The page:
Thursday, January 5, 2017

Questions



It was mid-December and four inches of snow had fallen the night before, the snow fell on bare soil that was frozen following several nights of temperatures below freezing.


The only tracks on the old road were those of wandering deer and of someone riding a fat-tired mountain bike earlier in the morning. Now I was walking along the old road leaving my own tracks alongside those of the bike rider. There was something dark in the snowy rut left by the bike’s tires – a wind-blown leaf perhaps?


But no, it wasn’t a leaf – it was a toad!



It was a toad! An American toad as large as a tennis ball, there in the snow, in the bike’s tire rut, with a temperature of 34°, with no other tracks nearby!


How on earth did the toad get there? There were no tracks in the snow that could explain its presence – no track of a mink that may have dropped a meal it had been carrying, no toad tracks, no depression in the snow where the toad would have landed if a raptor had dropped it from the sky.


The toad was stiff and immobile, possibly still alive, and it couldn’t have been there long, it certainly wasn’t there when the bike rider went by or it would have been a flattened toad.



How on earth did the toad get there? The toad was hundreds of feet away from any place that would be  suitable as a spot for a toad to overwinter. How could the toad have traveled from its winter quarters (usually in a burrow below the frost line) and gotten trapped in the tire rut – at 34° F? This was a toad, not one of the wood frogs that are often active at temperatures just above freezing. Here was even more of a mystery than the dead deer that was the subject of this earlier post


However the toad got into its situation, it brought along some other questions. To the wandering raccoon or opossum the only question would be whether to eat this morsel, and the answer would be determined by whether the raccoon or opossum could tolerate the toad’s noxious skin secretions.


But to a human there was another question in addition to how and why it got into the tire rut. Assuming the toad was still alive and uninjured; it would almost certainly die as the temperature dropped to well below freezing at the end of day – should the toad have been rescued or should it have been left to its fate?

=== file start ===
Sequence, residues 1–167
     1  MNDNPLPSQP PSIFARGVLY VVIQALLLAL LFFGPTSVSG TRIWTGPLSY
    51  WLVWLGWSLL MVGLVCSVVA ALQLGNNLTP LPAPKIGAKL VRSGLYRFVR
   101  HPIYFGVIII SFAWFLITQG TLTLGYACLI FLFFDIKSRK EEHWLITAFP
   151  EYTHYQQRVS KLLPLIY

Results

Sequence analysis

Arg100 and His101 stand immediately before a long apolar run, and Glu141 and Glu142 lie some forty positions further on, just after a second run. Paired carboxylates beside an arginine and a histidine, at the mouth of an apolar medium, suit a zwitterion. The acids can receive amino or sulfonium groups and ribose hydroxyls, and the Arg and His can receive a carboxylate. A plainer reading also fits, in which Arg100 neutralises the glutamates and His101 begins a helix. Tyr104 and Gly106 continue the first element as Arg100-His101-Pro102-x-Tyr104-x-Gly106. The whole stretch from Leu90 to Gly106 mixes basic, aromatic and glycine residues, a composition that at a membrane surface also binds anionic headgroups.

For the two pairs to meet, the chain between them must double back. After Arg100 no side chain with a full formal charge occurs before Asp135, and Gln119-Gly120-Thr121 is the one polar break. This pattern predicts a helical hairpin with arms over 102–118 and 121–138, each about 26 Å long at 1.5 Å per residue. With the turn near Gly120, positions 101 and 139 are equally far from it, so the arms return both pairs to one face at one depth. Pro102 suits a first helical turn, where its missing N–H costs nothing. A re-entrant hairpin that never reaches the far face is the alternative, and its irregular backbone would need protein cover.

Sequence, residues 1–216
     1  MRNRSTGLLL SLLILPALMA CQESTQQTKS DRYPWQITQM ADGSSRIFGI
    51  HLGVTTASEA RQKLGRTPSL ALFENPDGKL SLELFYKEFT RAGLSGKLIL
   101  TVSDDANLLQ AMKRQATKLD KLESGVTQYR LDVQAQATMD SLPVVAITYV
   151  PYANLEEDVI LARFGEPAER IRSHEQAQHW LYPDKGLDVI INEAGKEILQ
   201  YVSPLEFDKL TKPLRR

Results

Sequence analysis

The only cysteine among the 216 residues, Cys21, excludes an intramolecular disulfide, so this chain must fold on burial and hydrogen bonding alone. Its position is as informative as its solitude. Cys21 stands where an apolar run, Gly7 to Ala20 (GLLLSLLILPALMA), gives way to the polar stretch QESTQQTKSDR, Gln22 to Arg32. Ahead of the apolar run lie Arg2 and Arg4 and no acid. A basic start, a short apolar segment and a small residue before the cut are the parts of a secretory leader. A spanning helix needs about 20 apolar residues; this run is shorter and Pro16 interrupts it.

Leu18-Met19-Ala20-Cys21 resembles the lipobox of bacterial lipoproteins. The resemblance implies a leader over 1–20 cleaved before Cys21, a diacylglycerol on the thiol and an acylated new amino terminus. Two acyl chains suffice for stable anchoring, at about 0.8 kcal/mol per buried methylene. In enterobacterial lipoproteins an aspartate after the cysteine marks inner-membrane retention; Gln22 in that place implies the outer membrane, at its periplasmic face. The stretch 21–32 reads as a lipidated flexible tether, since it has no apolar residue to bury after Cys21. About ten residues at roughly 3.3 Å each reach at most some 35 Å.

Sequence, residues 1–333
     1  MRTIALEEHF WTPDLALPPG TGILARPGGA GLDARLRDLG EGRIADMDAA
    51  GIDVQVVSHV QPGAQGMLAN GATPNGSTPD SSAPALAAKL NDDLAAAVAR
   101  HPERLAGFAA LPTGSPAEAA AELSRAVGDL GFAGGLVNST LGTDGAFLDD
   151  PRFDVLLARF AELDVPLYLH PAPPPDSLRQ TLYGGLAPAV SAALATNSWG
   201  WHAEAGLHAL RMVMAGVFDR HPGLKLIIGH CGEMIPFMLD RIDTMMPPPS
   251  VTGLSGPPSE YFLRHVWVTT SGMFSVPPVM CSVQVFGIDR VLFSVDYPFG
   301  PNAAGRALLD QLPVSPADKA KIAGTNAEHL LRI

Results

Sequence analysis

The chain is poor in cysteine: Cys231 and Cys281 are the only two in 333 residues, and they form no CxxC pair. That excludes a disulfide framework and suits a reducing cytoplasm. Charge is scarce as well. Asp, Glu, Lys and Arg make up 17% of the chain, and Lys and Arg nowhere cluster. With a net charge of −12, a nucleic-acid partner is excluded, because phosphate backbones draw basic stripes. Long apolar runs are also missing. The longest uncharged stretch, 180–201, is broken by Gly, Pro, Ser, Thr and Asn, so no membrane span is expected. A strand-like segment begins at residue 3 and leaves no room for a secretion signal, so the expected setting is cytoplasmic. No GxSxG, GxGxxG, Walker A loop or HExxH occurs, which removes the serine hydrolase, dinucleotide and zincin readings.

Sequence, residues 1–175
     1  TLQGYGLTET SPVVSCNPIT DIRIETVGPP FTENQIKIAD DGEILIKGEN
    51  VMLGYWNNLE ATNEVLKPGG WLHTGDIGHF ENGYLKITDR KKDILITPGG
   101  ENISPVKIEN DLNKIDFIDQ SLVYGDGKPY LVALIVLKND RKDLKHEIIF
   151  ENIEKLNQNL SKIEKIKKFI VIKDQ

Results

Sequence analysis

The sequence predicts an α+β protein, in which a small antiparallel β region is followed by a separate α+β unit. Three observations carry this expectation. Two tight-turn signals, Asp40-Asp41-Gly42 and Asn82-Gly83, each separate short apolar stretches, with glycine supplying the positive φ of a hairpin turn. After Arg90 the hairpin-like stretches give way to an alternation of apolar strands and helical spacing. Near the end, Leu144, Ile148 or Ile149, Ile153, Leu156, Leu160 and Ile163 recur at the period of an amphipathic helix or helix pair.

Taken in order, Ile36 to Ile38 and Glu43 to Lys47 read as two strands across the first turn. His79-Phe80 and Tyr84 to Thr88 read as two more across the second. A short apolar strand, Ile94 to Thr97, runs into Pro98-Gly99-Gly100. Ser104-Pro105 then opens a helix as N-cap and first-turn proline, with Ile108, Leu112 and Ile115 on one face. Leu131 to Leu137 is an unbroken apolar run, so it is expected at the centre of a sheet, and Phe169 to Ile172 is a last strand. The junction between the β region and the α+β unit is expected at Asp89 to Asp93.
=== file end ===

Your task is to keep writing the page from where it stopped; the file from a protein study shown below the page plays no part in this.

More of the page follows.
Which course I took I’ll not say. In part that’s because whatever I did some of you will say I was wrong. But primarily it's because everyone needs to ponder and then decide what to do since the answer is much more complicated than it would first appear.




9 comments:

Klara S said...

OMG, poor creature. Looks lonely in the snow :(

The Furry Gnome said...

Now that's a strange mystery indeed!

Robert Folzenlogen said...

Fascinating discovery and an even more intriguing question!

September Violets said...

Poor Mr Toad. I would have taken it and put it into some deep leafy pile under the snow if possible. I wonder if it would survive even then. It is an interesting mystery. I don't think there is a wrong answer to help or not to help, there are valid points both side.
Wendy

Kay L. Davies said...

What a dilemma. I'm not big on toads, but I would have tried to rescue it, expecting no thanks, but making myself and (hopefully) the toad happy at the same time.
Kay
An Unfittie's Guide to Adventurous Travel

Lady Fi said...

A toad in the snow?! Poor thing.

lisa lewicki hermanson said...

Nature can be so surprising, so much to learn !!

eileeninmd said...

Hello, surely that frog is in the wrong place at the wrong time. I have never seen one in winter or in the snow. I hope it is ok. Thank you for linking up and sharing your post. Happy Saturday, enjoy your weekend!

Chas Clifton said...

Toads do hibernate (if that is the correct word) until temperature and moisture conditions are right. What it was doing outside of its "hibernaculum" I have no idea, unless something dug it up and then went, "Yuck, a toad!"

Like September Violets, I would have buried it and hoped for the best.